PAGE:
Moreover, there can be serious declines in economic activity even without two consecutive quarters of negative growth. Another approach to be considered before reaching recession conclusions, is that of taking into account different dimensions of the decline in aggregate economic activity including depth, duration and diffusion across industries. I believe that the definition of recession is quite broad and guessing on assumptions is one thing. Being conclusive is what's required to bring us to the next question.

Are market conditions such to suggest that the actual economy is only capable of generating negative news?

I would strongly disagree with the premise on the basis of economic verifiable data proving otherwise.

The economy boomed in Q307 despite the problems created by the credit market. Only at the beginning of this month, personal income and spending showed signs of continued growth by posting a 5.6% increase over the last 12 months. This was prompted by 6.8% rise in personal income over the last year. Since August of fiscal ' 03, 8.31 million jobs have been created, with 1.68 million jobs created over the 12 months that ended in October of current fiscal '07. This economy has now added jobs for 50 straight months - the longest period of uninterrupted job growth on record.

According to only recent reports, disposable income is at its highest levels since Q1 of fiscal '05 and growing, currently at 4% levels. Real GDP in Q3 was upwardly revised to show 4.9% annual rate growth, versus the 3.9% originally reported. We also had the largest upward revisions in inventories, adding one full point to real GDP growth rather than the original estimate of 0.4. The GDP price index rose at a 0.9% rate in Q3 of current fiscal, up 2.4% versus last year.

I understand the inclination in opposing the argument of the current growth already behind us, but not so fast oversimplifying it. Let's take a look at the nominal GDP growth. It has reached an annual rate of 5.8% in the last three quarters, against a nominal of only 4% during housing related slowdown between Q3/ fiscal '06 and Q1 of fiscal '07.

This type of acceleration in nominal growth is very significant while consistent since it will not happen when the Federal Reserve is tight. Additionally, corporate profits are up 2.7% versus a year ago with businesses still with more than $1 trillion cash in hand. For the next year, after-tax corporate profit are projected to grow about 5%. Current annual rate of labor compensation is running at $475 billion higher than the last year, recording the largest gain in history. Our major corporations and financial institutions appear strong, with fairly solid balance sheets. S&P 500 aggregate earnings are projected to grow at 7.4% pace into fiscal '08.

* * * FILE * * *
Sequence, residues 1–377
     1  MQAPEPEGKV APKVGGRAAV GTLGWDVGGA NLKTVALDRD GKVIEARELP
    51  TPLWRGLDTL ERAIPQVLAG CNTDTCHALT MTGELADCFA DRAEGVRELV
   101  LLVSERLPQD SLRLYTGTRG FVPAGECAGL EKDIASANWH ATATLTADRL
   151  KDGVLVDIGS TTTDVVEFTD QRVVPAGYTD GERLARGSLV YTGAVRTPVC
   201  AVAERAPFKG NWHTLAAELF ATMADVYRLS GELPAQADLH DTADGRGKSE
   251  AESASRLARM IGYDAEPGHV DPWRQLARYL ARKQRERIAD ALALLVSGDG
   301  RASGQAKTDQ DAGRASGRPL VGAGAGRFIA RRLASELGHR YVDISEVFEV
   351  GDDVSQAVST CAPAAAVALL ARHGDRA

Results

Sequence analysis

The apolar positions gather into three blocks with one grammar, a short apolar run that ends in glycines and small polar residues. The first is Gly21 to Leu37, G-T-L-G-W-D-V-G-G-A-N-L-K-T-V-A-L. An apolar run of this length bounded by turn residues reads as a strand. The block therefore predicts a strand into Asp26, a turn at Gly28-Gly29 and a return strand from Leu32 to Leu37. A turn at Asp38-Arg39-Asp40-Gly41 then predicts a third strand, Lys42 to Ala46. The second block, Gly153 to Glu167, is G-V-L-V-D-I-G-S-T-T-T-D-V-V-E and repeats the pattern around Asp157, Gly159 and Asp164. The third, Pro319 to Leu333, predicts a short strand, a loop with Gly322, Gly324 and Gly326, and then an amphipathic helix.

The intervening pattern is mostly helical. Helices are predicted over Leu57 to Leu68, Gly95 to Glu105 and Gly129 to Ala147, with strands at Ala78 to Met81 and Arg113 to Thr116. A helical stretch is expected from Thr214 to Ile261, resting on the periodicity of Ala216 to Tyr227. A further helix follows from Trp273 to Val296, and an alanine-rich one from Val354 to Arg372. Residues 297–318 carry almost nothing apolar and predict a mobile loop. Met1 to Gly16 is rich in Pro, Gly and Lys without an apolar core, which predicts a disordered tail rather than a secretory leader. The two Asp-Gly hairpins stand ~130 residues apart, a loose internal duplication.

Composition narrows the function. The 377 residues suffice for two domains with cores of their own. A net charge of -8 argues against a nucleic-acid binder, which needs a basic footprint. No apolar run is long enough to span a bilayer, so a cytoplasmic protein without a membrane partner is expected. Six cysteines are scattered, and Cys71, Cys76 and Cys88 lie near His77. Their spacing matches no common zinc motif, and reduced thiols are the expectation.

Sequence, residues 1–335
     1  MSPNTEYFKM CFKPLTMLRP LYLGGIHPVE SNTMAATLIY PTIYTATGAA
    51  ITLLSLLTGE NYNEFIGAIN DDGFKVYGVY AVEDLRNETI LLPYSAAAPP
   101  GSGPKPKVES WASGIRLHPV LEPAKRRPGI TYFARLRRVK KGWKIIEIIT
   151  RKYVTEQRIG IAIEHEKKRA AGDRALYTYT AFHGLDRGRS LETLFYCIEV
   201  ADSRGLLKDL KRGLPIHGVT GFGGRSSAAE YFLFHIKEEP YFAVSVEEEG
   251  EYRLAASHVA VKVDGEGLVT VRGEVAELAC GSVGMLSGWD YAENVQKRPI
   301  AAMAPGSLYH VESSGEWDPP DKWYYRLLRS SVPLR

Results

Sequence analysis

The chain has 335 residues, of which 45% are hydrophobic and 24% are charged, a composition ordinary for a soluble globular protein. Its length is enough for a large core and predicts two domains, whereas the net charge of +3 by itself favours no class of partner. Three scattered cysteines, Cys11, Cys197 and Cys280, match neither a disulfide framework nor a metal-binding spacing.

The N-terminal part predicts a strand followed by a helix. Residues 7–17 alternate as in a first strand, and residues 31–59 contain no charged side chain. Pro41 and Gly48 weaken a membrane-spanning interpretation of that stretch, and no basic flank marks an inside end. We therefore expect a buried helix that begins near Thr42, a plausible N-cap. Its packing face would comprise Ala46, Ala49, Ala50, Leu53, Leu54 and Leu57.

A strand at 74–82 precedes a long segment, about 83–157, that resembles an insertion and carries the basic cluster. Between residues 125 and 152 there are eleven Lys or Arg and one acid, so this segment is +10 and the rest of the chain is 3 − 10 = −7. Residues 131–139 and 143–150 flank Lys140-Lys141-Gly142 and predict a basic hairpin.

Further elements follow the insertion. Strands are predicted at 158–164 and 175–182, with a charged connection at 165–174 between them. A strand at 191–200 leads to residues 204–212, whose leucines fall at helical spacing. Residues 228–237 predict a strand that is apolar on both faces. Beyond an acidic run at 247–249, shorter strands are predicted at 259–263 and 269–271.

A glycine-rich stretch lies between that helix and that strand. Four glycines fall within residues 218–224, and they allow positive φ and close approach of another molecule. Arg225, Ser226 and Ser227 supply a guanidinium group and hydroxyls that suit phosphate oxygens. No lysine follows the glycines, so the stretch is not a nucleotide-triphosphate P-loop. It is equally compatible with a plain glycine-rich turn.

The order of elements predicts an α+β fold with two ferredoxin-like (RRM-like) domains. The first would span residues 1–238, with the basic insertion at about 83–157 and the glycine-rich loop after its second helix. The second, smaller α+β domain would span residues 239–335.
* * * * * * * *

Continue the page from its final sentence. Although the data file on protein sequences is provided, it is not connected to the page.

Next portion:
These numbers project purchasing power on the part of the businesses and consumers. There is no contraction of the money supply here, suggesting strong growth ahead rather then weakness.

My view is that it is going to take a lot more than just layoffs and one underperforming sector to push our economy into negative territories. Let's not forget Savings & Loans, our nation's largest-ever financial scandal recording 1456 bank failures between fiscal 1982 - 1993. Yet, the overall economy performed quite well during that time with GDP numbers posting above average rates and no recession.

I believe that fiscal '08 will be a growth story for the stock market. The credit situation, though not formidable, is still functioning reasonably well. As long as the Fed remains focused and firmly behind this economy, doing whatever it can to keep it moving forward by aggressively applying rate cuts when needed, overall our system of production, distribution and consumption will continue to remain mostly on upswing and immune from any direct recessionary hits.